What can you do with your customer database?
Andy 24 September, 2020 - 5 min. read
So, you’ve organised an event, and you want to know who your visitors are. Logically speaking, knowledge about your target group helps you to tailor your event to what your visitors want. You can download information about your visitors as a customer database and use it to your advantage. In our blog, we’ll use the example of a beer tasting to show you what you can do with a customer database.
Imagine, you and I start organising beer tastings near Tilburg. You’re the beer taster, and me? Well, I just love beer.
Over the past few months, we've passionately been working with hops, yeast and a range of different flavours, and have now we've finally organised our first beer tasting.
After the first edition, we put our heads together and discuss what to do next. We plan to:
- Send our (future) visitors’ emails with updates;
- Find sponsors to invest in our taste sensation;
- Use our customer database as our foundation when we advertise on Facebook.
You might see it coming, but we’re going to use our customer database to tackle each of these issues.
A customer database to send emails with updates:
First of all, it’s important that we download our customer database. We’ve never done this before, so we read this manual first.
Eventix's system allows us to download a customer database in different ways, as we see in the picture. Because we want to send mails with updates, we select 'Direct Mail'.
If we open the file, it’ll look something like this:
In addition to the email address provided, the last column is significant. The reason for this is that it has to do with the General Data Protection Regulation (GDPR). Since May 25th 2018, we’re no longer allowed to send e-mails willy-nilly; visitors indicate whether we’re allowed to send emails with updates. If you see a ‘1’ the visitor wants to be kept informed, there is a ‘0’ the visitor would rather not.
Also, we see that most mails have the same domain, which allows us to conclude that the visit to our beer tasting was probably a company outing. If we see this pattern more often in our customer database, we may want to consider offering a 'company outing package'.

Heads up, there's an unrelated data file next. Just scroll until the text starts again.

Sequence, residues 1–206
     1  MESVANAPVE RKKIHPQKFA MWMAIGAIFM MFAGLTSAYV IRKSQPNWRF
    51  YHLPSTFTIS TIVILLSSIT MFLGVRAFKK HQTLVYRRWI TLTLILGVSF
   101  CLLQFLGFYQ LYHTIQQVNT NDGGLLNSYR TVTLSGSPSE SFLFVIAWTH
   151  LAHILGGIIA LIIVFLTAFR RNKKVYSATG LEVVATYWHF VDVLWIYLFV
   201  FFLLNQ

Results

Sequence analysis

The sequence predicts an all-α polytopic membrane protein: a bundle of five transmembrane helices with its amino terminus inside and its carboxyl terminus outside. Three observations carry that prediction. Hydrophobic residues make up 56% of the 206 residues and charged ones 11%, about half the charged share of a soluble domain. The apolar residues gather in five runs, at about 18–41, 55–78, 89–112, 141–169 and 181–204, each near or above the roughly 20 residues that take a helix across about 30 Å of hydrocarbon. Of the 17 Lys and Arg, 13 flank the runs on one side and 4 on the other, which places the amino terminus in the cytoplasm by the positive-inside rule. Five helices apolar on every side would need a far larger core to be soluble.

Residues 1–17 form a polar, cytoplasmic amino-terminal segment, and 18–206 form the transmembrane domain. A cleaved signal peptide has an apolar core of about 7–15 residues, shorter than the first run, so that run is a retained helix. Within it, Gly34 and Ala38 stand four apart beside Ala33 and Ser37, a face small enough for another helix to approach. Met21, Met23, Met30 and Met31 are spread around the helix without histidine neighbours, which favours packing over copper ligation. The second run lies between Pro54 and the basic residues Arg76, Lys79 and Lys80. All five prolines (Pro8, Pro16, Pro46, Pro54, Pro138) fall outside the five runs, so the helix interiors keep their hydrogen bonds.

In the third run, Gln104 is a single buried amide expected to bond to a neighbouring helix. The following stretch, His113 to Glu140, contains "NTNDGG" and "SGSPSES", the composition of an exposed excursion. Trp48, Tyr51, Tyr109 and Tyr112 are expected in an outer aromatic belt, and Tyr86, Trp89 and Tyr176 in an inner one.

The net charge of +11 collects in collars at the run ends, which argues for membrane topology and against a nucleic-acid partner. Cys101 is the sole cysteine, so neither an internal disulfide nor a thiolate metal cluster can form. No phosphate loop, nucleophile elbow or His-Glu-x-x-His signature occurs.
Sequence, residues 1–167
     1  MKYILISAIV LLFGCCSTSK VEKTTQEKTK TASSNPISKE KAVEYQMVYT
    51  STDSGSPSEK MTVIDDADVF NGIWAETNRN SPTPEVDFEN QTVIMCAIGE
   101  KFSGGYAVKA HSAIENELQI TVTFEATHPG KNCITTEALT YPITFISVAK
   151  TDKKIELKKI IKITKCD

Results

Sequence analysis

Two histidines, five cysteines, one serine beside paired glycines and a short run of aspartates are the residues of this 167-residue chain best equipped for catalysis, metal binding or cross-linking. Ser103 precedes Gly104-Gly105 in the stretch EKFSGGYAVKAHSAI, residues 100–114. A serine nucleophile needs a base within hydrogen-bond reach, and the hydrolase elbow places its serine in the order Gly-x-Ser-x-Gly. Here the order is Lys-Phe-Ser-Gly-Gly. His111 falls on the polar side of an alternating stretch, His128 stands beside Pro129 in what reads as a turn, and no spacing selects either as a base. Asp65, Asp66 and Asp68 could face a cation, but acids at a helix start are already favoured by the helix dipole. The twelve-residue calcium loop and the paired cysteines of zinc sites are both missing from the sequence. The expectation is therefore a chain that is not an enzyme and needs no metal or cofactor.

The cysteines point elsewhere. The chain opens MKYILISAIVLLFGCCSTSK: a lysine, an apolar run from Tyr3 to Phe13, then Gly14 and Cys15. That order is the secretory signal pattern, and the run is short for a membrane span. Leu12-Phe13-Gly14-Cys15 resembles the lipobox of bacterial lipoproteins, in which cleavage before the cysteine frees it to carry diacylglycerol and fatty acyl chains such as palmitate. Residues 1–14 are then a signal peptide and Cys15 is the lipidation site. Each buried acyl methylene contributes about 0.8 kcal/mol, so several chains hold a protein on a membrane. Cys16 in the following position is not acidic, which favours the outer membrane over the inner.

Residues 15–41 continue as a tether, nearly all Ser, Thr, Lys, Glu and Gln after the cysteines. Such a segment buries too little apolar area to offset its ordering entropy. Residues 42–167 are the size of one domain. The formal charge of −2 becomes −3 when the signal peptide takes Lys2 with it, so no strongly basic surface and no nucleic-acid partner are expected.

2. Using a customer database to find sponsors.
The second point of attention is finding sponsors and, believe it or not; our customer database is invaluable in this respect. You can expect any potential sponsor to ask the question ''What's in it for me?”.
The answer: ''Your target group will be at the tasting and are potential buyers of your product or service, after all''.
To discover our target group, we’ll go back to downloading our customer database. When we were sending emails, we selected 'Direct Mail' from the dropdown menu, but now that we’re looking for sponsors, we’ll choose 'Orders'.
After downloading the file, we’ll open it and see something similar to this:
(This screenshot has been edited a bit. A 'real' customer database contains a number of additional columns, such as trackers and promotional codes.)
EVENTIX TIP: Lost your ticket(s)? If you have a visitor at your entrance who has lost their ticket(s), you can use the order_id in the first column to find them
Only the metadata in your customer database is relevant to a sponsor; in our example, these are the last three columns, which represent your visitors’ cities, gender and age.
These columns reveal three things:
- The tasters are all men;
- They are between 24 and 35 years old;
- Except for one, all of them live in the triangle Tilburg-Den Bosch-Eindhoven.
This is valuable to know before if we start to approach sponsors. You can imagine the owner of a nail salon may burst out laughing if we ask them to sponsor an event aimed at men between 24 and 35. You might have slightly better odds approaching a barber; seeing as your visitors are all men who may very well want their hair cut and styled.
3. A customer base, Facebook and similar target groups.
In addition to sending emails and approaching sponsors, a customer database is useful if we’re going to use Facebook as a tool.
We have an idea of our target group and want to use this knowledge, such as where our visitors are from, to advertise on Facebook.
When creating a Custom Audience, we can choose to advertise in the Groningen region, but we want to reach as many beer lovers as possible who’ll actually drop by. It doesn’t matter how good our beer is, the chance that beer lovers will come to us from Groningen is quite slim. It’s much more logical to set up the triangle of Tilburg-Den Bosch-Eindhoven as an advertising area.
Would you like to know more about how to use a customer database? Send an email to email@example.com or use the chat on the right side of your screen!